Leno says Peter Starr is the Speilberg of motorcycle movies

By Marissa Baecker

He may appear unassuming when you meet him but in the world of motorcycles and media, it is fair to say that Peter Starr is a big deal. Whether in music, radio, television, film and now the literary world, Starr has left his mark with every project he undertakes.

His journey through his various careers started with a bite from the motorcycle bug at the ripe age of about 16 – it was 1957 in England where the bikes were a dream and not attainable to all – Starr’s friend allowed him ride his BSA Bantam, a 125 cc two-stroke produced by the Birmingham Small Arms Company.

“Highly illegal at that time in England,” recalls Starr, “but I got hooked on that one experience.”

By 1960, Starr was working for Triumph motorcycles and then found his way to the race track.

“I did four years in England as a club racer, then as a national race and then as an international racer,” said Starr. “I raced all over Europe and that brought me to America to race extensively in Daytona.”

Daytona Beach during bike week was quite something. I was just a child when I went the first time.

His English accent in America didn’t go unnoticed and one night, his accent would catch the ear of a radio personality.

“I had a very thick English accent back then,” recalls Starr. “Much thicker than it is today.”

As the conversation went, Starr was asked if he knew England’s up and coming rockers The Beattles or The Rolling Stones.

“I couldn’t understand why these people were so enamored with the Beatles and the Rolling Stones. For us [English] this was a day to day thing in England. I didn’t know them but I certainly knew their music and what they were up to.”

His international appeal would eventually land him on the air and in Vancouver on CKLG – now known as CFOX.

In and out of radio – Starr began to dabble in record production for United and MGM before he explored filmmaking and returned to the world of motorcycling.

Through the years, Starrs accolades would evolve to 40 motorcycle racing films between 73 and 93 and has now become a book “Taking it to the Limit – 20 years of making motorcycle movies” titled after one of his films (Take it to the limit).

The original feature film starred top racers of the time – Barry Shene, Kenny Roberts and Steve Baker just to name a few. The film focuses on what it took to win in the early days not only features incredible historic race footage and interviews but also the music of Foreigner and other bands of the time.

Having just released the 30th Anniversary DVD of the film, Starr returned to his roots, took it one step further, and spent two years filming an accompanying documentary about the original making of the film.

“I went back and re-interviewed everyone in the film that is still alive,” says Starr. “The only ones that were no longer living were Barry Shene and Mike Hailwood.”

America’s first road racing World Champion, Steve Baker, had since become Starr’s friend and joined him during Vintage Night at the recent Vancouver Motorcycle Show in an open seminar. Together, they reminisced about the days of dirt track ovals, the Yamaha factory team, the early days of Daytona and the Motorcycle Hall of Fame to which Baker was inducted in 1999.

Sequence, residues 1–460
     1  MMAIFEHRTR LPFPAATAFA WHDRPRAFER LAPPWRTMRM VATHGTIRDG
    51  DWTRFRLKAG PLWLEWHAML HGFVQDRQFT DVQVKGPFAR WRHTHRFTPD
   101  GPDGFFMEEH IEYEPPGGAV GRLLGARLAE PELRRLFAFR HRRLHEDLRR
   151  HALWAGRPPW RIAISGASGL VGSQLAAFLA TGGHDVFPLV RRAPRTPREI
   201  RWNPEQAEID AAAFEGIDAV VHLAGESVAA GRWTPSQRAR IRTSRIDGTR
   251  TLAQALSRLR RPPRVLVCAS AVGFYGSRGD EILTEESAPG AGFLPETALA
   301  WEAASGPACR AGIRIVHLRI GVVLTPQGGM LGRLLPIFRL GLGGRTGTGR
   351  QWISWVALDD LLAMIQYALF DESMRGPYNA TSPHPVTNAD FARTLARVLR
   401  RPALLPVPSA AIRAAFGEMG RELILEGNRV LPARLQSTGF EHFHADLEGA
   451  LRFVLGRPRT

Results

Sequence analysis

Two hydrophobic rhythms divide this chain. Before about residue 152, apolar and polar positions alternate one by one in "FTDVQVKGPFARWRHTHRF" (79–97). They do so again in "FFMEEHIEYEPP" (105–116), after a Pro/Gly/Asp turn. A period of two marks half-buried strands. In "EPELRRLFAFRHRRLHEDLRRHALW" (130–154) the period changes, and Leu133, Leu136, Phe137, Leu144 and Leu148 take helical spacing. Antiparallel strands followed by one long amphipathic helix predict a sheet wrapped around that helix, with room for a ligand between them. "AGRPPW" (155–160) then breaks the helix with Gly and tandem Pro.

After 52 years on two wheels, Starr says not much has changed for him.

“I still enjoy fast riding,” he says. “I don’t take anywhere near the kind if risks I would have ten years ago. It’s self preservation. I’ve noticed my physiology changing. I am not as strong or I don’t’ respond as quick as I used to.”

Starr admits that he prefers two wheels over four. He continues to ride daily around town and will choose his bike over his car most days.

“Riding a motorcycle keeps me sharper than driving my car,” he laughs.

Starr happened to watch a video of several men in a similar situation making its rounds on the internet. A group of Taiwanese riders (search Dream Rangers or Grand Riders on YouTube if you haven’t seen it) who rebirth themselves on motorcycles. Seeing the video, Starr decided he wanted to ride with these men and in October, flew to Taipei to do just that.

“As we get into our senior years, we should promote living,” says Starr. “Most guys retire and prepare to die. These guys, the oldest being 94 and the youngest 75, one didn’t even learn to ride until he was 83.”

“I want to take some Americans back there this year to start what I hope will become an international event, of encouraging all the people to continue riding or to learn about the joys of motorcycling no matter how old they are.”

As for Starr, he continues living life to the fullest. Having ridden all over the world, Starr admits that despite travelling extensively throughout Europe, Norway has escaped him. As for the rest of the world, New Zealand is on the top of his list as well. One, however, will be crossed off his list this November as he plans to go riding with an old friend, 1982 Daytona 200 winner, Graham Crosby.

Speaking of old friends, a new book and watching videos, check out Peter being interviewed by Jay Leno who calls Peter the ‘Steven Spielberg of motorcycle movies’. You can watch the video on www.jaylenosgarage.com.

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